Despite increased safety measures and increasingly stringent laws, consumers still fall victim to odometer fraud daily. Due to a lack of consumer awareness, consumers think that the oldest car fraud in the book couldn’t possibly happen to them in today’s era with safer vehicles and digital odometers. That was the general idea when digital odometers were created to replace their mechanical forbearers, but the sad fact is that with odometer correction software readily available via the Internet, odometer fraud is easier than ever, and harder to detect.
What is Odometer Fraud?
Odometer fraud happens when someone resets or alters a vehicle’s odometer and/or documentation in any way with the intent to show less than the actual mileage. The odometer is the number one way to know how much use the car has seen and also helps indicate the vehicles condition and impending necessary repairs. As any mechanic will tell you there are certain things that need to be checked, changed or repaired every 20,000; 60,000 or 120,000 miles. If a vehicle has been “clocked” or “spun” the vehicle, may not receive the servicing it needs for its true mileage, putting the vehicles owner at risk.
Odometer tampering is a serious crime and consumer fraud issue that is on the rise. In 2002, the National Highway Traffic Safety Administration (NHTSA), a government office that is part of the U.S. Department of Transportation, determined that more than 450,000 vehicles are sold each year with false odometer readings, draining American car buyers out of more than $1 billion annually.
The U.S. group Consumers for Auto Reliability and Safety estimate that dealers make 10 cents profit for each mile the odometer is rolled back. Ten cents a mile doesn’t sound like much, but it adds up quickly. For example, a vehicle that is rolled back 35,000 miles, at 10 cents a mile, equals $3,500 profit or more.
Odometer fraud is most common with newer models that have accumulated a high mileage in a short amount of time, these are often leased, company and rental vehicles. Surprisingly, odometer fraud is committed most often by wholesalers who sell to dealers. The unaware dealer then sells the vehicle to an unsuspecting buyer.
One Victim’s Story
“The car was about 5 years old, looked to be in great condition, and I paid $6,000 for it,” says Sarah Evenson. “I’d heard about odometer rollbacks, but I was very surprised when I found out it had been done to my car.” Sarah, like many other car buyers, thought she’d gotten a great deal on the used car she bought through a private seller, but it wasn’t long before it was giving her serious headaches.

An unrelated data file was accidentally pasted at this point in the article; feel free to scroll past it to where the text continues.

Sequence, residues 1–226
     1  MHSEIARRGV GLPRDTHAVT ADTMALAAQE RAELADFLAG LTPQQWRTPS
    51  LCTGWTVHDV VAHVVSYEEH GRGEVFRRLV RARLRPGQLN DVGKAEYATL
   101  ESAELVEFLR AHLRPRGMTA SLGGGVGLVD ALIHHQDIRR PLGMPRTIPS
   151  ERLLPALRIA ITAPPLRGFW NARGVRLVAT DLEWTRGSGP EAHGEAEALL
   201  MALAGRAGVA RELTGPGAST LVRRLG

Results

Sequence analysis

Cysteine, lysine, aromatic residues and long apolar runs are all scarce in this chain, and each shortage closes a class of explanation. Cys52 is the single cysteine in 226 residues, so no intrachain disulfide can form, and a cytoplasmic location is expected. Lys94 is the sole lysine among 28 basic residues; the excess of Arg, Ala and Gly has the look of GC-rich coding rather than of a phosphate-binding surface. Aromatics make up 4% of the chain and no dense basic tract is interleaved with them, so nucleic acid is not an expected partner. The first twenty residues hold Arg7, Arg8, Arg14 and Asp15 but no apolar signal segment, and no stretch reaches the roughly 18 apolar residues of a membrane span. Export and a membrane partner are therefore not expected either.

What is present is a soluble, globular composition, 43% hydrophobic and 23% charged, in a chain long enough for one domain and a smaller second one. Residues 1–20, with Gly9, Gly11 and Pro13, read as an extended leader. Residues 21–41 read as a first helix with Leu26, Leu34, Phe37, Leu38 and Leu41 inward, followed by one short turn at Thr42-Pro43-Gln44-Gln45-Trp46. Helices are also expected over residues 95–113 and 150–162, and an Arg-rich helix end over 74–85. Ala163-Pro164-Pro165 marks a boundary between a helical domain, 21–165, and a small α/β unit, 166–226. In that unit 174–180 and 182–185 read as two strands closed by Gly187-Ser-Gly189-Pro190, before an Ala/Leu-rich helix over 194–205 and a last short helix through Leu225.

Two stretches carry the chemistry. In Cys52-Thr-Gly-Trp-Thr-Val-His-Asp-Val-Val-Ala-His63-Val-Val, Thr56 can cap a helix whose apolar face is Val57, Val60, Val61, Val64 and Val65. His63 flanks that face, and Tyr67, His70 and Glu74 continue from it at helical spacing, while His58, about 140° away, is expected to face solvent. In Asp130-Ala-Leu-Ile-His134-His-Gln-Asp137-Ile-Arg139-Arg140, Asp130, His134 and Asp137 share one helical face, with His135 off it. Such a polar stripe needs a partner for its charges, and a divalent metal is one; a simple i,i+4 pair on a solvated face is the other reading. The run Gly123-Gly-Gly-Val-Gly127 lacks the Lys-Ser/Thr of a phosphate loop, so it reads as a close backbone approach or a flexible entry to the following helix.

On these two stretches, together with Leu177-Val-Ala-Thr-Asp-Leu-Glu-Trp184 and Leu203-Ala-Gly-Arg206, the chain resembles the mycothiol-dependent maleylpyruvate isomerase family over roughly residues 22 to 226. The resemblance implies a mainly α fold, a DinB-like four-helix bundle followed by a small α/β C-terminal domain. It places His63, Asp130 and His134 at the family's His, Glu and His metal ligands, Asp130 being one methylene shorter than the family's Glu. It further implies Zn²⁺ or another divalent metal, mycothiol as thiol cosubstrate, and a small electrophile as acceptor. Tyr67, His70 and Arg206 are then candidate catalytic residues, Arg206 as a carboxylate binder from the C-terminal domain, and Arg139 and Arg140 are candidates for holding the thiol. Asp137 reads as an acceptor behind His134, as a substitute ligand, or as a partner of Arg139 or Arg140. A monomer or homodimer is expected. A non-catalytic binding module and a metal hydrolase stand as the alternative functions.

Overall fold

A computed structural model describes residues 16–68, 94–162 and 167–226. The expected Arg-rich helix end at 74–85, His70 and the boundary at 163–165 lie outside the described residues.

“It was burning oil. So I took it in to a dealer, and rather than deal with the repairs, I figured I’d just trade it in,” she explains. The dealer Sarah visited was a CARFAX subscriber, who ran a report on the car using its vehicle identification number (VIN). Unfortunately, he had bad news for her; someone had pulled off a classic used car scam: odometer fraud.
“The CARFAX report showed the car’s odometer had been rolled back about 40,000 miles,” Sarah said. Since the dealer could only offer her $900 for the car, Sarah decided to go ahead and spend $3,000 to replace the engine.
“In Sarah’s case, when it turned out her odometer had been rolled back, the value of her car instantly dropped by nearly $5,000,” explained Larry Gamache, director of communications for CARFAX. “On top of that, she had to spend an additional $3,000 on repairs.”
Protect yourself from odometer fraud
The best way to avoid being the next victim of odometer fraud is to look for the warning signs when shopping for a used car. Beware, Jack Gillis author of The Car Book, estimates that 1 out of 10 used cars on the market has had their odometer meddled with. However, using the following tips will keep you from falling for one of the oldest tricks in the book:
• Ask if the seller has a CARFAX Vehicle History Report, if they don’t, spend the money to get one – you won’t regret it. Use the report to check for odometer discrepancies in the vehicle’s history.
• Don’t be shy, ask to see the title and compare the mileage with the odometer.
• Compare the mileage on the odometer with the mileage on the vehicle’s maintenance or inspection records. Also, look for oil change and maintenance stickers, usually found on windows, door frames, glove box or under the hood, these always include the mileage.
• Check that the numbers on the odometer gauge are correctly aligned. If they’re crooked, contain gaps or wobble when you hit the dash with your hand, walk away from the deal and report it.
• Be wary of older vehicles that have a shockingly low mileage.
• Examine the tires. Tires last for about 20,000 miles, so if the odometer shows 20,000 miles or less, it should still have the original tires. If they don’t, be skeptical and ask questions.
• Look at the wear and tear on the vehicle. Pay careful attention to the gas, brake, clutch pedal and rugs; the amount of wear should correspond with the mileage.
• Have a trusted mechanic inspect the vehicle. He will be able to tell if the wear and tear is consistent with the mileage.
It is possible that an odometer may be rolled back and not identified in a CARFAX, this can happen in several ways. The most common being the odometer is rolled back, but not beyond the last recorded mileage, or the title itself is altered, and the mileage is rolled back.
If you have been a victim of odometer fraud report it to the NHTSA at 202-366-4761 or firstname.lastname@example.org, you are also encouraged to contact a lawyer. If you come across a vehicle with an altered odometer report it and prevent others from falling victim.